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Given $X=\{(x,y)\mid x\in \mathbb{Q}, y\in \mathbb{R}\}$. I want to show that $\lambda^*(X)=0$, where $\lambda^*$ is the Lebesgue outer measure.

My attempt:

Let the enumeration of $\mathbb{Q}$ be $\{x_1,x_2,x_3,...\}$. Hence, we have $$ X=\bigcup_{n=1}^{\infty}X_n, $$ where $X_n=\{(x_n,y)\mid y\in \mathbb{R}\}$. We show that for every $n$, we have $\lambda^*(X_n)=0$, so that by the countably subadditivity of Lebesgue outer measure, we have $\lambda^*(X)=0$.
Let $n\geq 1$. Take $\epsilon>0$. For each $k$, consider the open cell $$ I_k=\left(x_n-\frac{\epsilon}{4},x_n+\frac{\epsilon}{4}\right)\times \left(x_k-\frac{1}{2^{k+1}},x_k+\frac{1}{2^{k+1}}\right). $$

If $(x_n,y)\in X_n$, then $y$ is in a small open interval $\big(x_k-\frac{1}{2^{k+1}},x_k+\frac{1}{2^{k+1}}\big)$ for some $k$, so that $(x_n,y)\in I_k$. This means that $X_n \subseteq I_1 \cup I_2 \cup I_3 \cup \ldots$.

Observe that, if $l(I_n)$ is the length of $I_n$, we have $$ \sum_{k=1}^{\infty} l(I_k)=\sum_{k=1}^{\infty}2(\frac{\epsilon}{4})2(\frac{1}{2^{k+1}})=\frac{\epsilon}{2}<\epsilon. $$ Thus, $\lambda^*(X_n)=0$ for every $n$, and hence $\lambda^*(X)=0$.

Is this proof correct? I am not sure about the reasoning on $(x_n,y)$ part. Thank you.

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  • $\begingroup$ "...then $y$ is in a small open interval $(x_k-\frac{1}{2^{k+1}},x_k+\frac{1}{2^{k+1}})$ for some $k$..." - This is not true. The sum of the lengths of these intervals is $\sum_{k=1}^{\infty}1/2^k = 1$, so there's no way they can cover all of $\mathbb R$. $\endgroup$ – Bungo Sep 9 at 7:25
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$(x_n,y) \in X_n$ does not tell you anything about $y$. It can be any real number. So your assertion that $y \in (x_k-\frac 1 {2^{k+1}},x_k+\frac 1 {2^{k+1}})$ for some $k$ is not true. The union of these intervals does not exhaust the real line because their union has finite measure.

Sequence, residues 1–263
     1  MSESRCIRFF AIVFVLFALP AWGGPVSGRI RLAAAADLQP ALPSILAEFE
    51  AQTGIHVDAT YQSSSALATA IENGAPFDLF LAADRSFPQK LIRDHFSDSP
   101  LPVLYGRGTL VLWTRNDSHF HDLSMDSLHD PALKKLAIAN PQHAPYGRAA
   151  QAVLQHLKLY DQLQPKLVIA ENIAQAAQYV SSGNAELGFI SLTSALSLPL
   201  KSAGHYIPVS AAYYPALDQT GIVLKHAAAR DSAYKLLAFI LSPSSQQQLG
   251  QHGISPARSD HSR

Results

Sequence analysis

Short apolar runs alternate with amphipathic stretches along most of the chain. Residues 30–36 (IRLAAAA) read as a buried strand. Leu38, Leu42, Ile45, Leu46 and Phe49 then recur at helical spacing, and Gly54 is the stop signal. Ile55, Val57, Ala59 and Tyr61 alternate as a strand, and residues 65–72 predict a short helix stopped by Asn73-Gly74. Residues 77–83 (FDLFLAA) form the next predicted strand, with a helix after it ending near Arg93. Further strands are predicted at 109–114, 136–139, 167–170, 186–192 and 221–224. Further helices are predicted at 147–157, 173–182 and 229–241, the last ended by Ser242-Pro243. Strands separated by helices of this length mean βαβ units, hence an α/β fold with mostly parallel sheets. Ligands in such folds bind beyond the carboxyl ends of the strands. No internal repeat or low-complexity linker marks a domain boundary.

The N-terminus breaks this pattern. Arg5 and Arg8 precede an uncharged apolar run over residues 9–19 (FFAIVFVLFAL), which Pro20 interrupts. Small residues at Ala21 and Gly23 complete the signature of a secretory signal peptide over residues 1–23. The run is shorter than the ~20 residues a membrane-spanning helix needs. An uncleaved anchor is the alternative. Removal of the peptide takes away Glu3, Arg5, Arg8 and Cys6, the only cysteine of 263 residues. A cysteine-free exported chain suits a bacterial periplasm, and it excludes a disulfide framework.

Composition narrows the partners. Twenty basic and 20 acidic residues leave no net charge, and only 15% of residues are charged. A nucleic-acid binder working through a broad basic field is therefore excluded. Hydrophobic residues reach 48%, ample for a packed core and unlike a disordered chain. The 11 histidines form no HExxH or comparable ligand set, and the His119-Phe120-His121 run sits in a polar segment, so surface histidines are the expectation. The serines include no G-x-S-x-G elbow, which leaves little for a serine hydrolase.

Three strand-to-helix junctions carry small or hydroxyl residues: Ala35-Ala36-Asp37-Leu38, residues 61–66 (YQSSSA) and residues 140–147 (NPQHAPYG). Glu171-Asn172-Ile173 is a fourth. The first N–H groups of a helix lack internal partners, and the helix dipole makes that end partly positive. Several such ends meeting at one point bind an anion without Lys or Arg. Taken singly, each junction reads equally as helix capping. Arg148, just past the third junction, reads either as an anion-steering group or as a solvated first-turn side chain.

For a correct proof you can use the intervals $(x_n-\frac {\epsilon} {2^{k}},x_n+\frac {\epsilon} {2^{k}}) \times (x_k-1,x_k+1)$.

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  • $\begingroup$ For each fixed $n$, your proposed covering has the same positive measure, so taking the union over all $n$ you'll get infinity. The width of the first interval in the product needs to depend on both $n$ and $k$. I think replacing $\epsilon / 2^k$ with $\epsilon / 2^{k+n}$ would do the trick. $\endgroup$ – Bungo Sep 9 at 7:34
  • $\begingroup$ @Bungo OP has already mentioned that he is using sigma subadditivity so it is enough to show that $\lamda^{*}(X_n)=0$ for each fixed $n$. From that point on $n$ is fixed and there is no need to take union over $n$ in the inequalities. $\endgroup$ – Kabo Murphy Sep 9 at 7:38
  • $\begingroup$ OK, fair enough. $\endgroup$ – Bungo Sep 9 at 7:41
  • $\begingroup$ @KaviRamaMurthy I see. Thank you, sir. I think I use the density of the real line in the wrong way. I shouldn't be able to guarantee that any irrational is in such small $I_k$ with rational end points. Correct? $\endgroup$ – 21understanding Sep 9 at 9:01
  • $\begingroup$ Yes. If you take small intervals around all the rationals their union may still be a small set in measure theoretic sense, though this union is dense. $\endgroup$ – Kabo Murphy Sep 9 at 9:03

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